For book lovers and writers in Spain, April 23rd, World Book and Copyright Day, is characterised by an expression of love. A book and a rose are given as presents to loved ones to celebrate El Dia del Libro (Book Day) all over the country.
Originally started in Barcelona, in the 1920s, by the writer Vicente Clavel, Book Day later went on to become declared World Book and Copyright Day by UNESCO.
Clavel, who lived in Barcelona, came up with the idea of a day to celebrate books and reading. Since the 15th century people had given roses to their loved ones on April 23rd the day of the patron saint, San Jordi (St George), in Catalonia. Realising that April 23rd was also the anniversary of the death of both Miguel Cervantes and William Shakespeare, it was decided to celebrate Book Day in Spain on this day and encourage people to give books as presents.
At first, men gave a rose to women on this day and women gave a book to men. Nowadays, books and roses are given as presents to both men and women. Schools, bookshops, readers, writers and publishers celebrate this day all over Spain. Bookshops decorate their shop windows with roses and events take place with readings and authors signing books.
In Catalonia it’s a big event and you will find La Rambla in Barcelona lined with book and flower stalls. The area quickly fills with crowds of people buying books and roses as an expression of love for their families, friends and partners.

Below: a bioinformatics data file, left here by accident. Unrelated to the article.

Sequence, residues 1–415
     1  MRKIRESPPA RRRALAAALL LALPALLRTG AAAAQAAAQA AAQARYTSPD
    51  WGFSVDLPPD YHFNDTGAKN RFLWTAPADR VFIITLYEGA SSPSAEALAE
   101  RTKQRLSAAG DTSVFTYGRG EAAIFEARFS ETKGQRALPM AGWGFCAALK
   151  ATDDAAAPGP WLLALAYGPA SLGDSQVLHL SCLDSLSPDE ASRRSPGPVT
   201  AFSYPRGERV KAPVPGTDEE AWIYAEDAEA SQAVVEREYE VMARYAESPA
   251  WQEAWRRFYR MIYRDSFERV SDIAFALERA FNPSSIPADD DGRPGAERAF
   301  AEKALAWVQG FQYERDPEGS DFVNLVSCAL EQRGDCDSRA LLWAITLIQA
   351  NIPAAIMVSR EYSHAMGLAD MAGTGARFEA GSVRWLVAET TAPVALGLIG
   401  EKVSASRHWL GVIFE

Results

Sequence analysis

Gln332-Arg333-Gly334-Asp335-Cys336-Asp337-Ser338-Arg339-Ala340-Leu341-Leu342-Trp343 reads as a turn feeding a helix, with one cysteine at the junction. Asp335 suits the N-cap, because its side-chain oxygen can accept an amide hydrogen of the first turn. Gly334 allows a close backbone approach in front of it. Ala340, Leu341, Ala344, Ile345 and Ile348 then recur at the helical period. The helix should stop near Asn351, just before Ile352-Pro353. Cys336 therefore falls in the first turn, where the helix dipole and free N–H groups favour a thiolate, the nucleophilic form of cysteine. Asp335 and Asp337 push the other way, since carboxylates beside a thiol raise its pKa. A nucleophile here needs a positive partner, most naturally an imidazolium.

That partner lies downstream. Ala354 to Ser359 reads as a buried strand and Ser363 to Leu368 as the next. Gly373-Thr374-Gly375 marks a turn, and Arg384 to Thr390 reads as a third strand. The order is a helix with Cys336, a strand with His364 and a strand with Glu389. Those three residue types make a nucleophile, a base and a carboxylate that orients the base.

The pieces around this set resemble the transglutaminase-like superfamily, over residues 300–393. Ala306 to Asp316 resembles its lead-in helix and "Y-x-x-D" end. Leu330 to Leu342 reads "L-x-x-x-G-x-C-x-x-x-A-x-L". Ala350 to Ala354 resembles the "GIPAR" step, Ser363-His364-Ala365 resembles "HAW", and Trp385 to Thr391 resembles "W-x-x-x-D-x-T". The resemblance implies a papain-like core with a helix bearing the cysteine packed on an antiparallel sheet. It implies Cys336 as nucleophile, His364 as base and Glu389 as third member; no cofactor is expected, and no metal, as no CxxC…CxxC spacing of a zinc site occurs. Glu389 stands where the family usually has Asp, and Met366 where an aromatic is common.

In the mid-1990s Book Day became a worldwide festival and was declared World Book and Copyright Day by UNESCO. Every year on April 23rd a city takes over the honour of being World Book Capital to promote books and reading for the following 12 months. This year, 2017, Conakry, the capital of Guinea has been designated World Book Capital. Conakry’s mission is “”to promote reading among youth and underprivileged sections of the population.” (Source: http://www.unesco.org/new/en/wbcd).
As books can be expensive in some parts of the world and libraries are scarce, UNESCO is encouraging the use of mobile telephones for reading as mobiles are cheap and widely available. Mobile devices are often used as a reading platform and can be accessed in areas where people can’t afford books or education is seen as a social stigma.
As a bookworm, or ratón de biblioteca (a library mouse), as they say in Spanish, I can´t imagine my life without books or reading. I am grateful for all the things I have learnt, the feelings I have felt, the places I have visited, the adventures I have lived and the people I have met in books. In the words of William Styron:
“A great book should leave you with many experiences, and slightly exhausted at the end. You live several lives while reading.”
Which book would you like to give as a present to a loved one to show you care?